News

Seminar Explores the Role of Local Gastronomy in Sustainable Tourism

The online seminar highlighted the role of food in connecting tourists with local communities and promoting sustainable development.

On 26 October 2022, UNU-IAS held a seminar on the theme “Local Food and the Sustainable Development”. The online session focused on the crucial role of food in connecting tourists with local communities, and discussed the challenges faced by chefs and food experts in their efforts to achieve sustainability. The event was part of a seminar series on tourism and the SDGs organised by the UNU-IAS Operating Unit Ishikawa/Kanazawa (OUIK).

Opening the session, Yuya Tsuda (Research Consultant, UNU-IAS) introduced international guidelines on sustainable development for the food and beverage industries. He highlighted the contribution of Washoku to the SDGs, the traditional dietary culture of the Japanese, which has been recognised by UNESCO as an Intangible Cultural Heritage.

Sayako Koyama (Research Associate, UNU-IAS) pointed out that Japan has been experiencing excessive dependence on food imports, a decrease in fishery resources, and food loss. She explained that the Satoyama Satoumi site on the Noto peninsula, Japan, was a Globally Important Agricultural Heritage System (GIAHS), which fostered traditional knowledge to grow, store, and consume food locally. She underlined the importance of promoting traditional food practices and passing them on to future generations.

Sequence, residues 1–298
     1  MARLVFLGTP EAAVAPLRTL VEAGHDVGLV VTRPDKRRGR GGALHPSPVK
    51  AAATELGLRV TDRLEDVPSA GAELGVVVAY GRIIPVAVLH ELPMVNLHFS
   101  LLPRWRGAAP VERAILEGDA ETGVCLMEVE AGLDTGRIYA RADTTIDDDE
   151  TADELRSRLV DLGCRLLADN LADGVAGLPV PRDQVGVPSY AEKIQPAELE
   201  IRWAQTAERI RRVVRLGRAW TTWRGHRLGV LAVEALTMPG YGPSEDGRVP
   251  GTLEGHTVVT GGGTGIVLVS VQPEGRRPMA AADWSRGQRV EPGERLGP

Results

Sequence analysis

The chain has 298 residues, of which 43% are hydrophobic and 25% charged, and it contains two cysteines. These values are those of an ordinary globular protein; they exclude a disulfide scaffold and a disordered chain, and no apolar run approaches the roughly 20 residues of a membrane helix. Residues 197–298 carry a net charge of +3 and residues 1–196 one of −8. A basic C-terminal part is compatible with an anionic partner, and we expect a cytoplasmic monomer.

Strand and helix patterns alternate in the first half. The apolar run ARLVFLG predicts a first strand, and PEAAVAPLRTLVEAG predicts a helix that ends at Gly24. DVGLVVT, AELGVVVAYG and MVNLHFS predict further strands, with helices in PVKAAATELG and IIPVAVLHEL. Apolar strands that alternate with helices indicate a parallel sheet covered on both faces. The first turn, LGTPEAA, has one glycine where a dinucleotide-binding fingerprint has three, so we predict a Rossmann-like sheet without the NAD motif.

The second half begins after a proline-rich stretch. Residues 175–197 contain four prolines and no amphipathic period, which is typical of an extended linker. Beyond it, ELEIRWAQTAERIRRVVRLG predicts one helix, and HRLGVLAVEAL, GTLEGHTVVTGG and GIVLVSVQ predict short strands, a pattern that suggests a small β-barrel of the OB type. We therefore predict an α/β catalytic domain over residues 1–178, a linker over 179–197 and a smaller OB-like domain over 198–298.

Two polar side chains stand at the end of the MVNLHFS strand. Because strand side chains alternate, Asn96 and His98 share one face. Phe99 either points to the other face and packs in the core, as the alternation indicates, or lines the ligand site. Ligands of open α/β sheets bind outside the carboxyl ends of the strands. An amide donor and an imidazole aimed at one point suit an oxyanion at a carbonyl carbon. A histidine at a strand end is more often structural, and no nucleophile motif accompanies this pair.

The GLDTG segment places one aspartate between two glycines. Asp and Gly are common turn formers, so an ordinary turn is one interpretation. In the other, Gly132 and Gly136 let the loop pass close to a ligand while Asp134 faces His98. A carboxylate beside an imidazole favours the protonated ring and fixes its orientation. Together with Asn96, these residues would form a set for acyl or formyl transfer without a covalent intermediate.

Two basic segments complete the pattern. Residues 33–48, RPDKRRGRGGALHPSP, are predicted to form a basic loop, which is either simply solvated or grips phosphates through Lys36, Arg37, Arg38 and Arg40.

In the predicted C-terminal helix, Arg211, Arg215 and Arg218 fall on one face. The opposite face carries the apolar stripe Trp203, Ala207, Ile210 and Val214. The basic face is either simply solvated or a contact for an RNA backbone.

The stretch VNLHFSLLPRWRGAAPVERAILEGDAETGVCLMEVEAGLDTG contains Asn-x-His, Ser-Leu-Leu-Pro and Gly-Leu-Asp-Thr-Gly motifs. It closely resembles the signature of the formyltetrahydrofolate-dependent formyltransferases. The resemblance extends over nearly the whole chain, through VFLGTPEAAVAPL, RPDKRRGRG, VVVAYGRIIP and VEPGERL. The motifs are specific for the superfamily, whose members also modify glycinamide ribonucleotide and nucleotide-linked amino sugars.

Culinary researcher Naoko Taniguchi (Director, Kohaku Inc.) introduced her company’s services such as the delivery of local seasonal ingredients and immersive local food tours. She explained that local markets provided opportunities to understand and appreciate seasonality, culinary culture, and the cycle of food production, highlighting the need for food education.

Reflecting on the challenges facing the local food industry, Tatsuro Ume (Head Chef, respiración Restaurant) noted that the ageing of local farmers and fishers made it difficult to procure local ingredients. The lack of successors has caused a loss of skill transfer and culinary culture. He added that chefs should take action to contribute to the sustainable management of Satoyama Satoumi.

Benjamin Flatt and Chikako Funashita (Owners, Flatt’s Restaurant), highlighted that the highly nutritious fermented foods were an important component of Noto’s traditional food culture, exemplifying the wisdom of traditional knowledge. They concluded that communities needed to recognise the value of local culinary culture in promoting sustainable local tourism.

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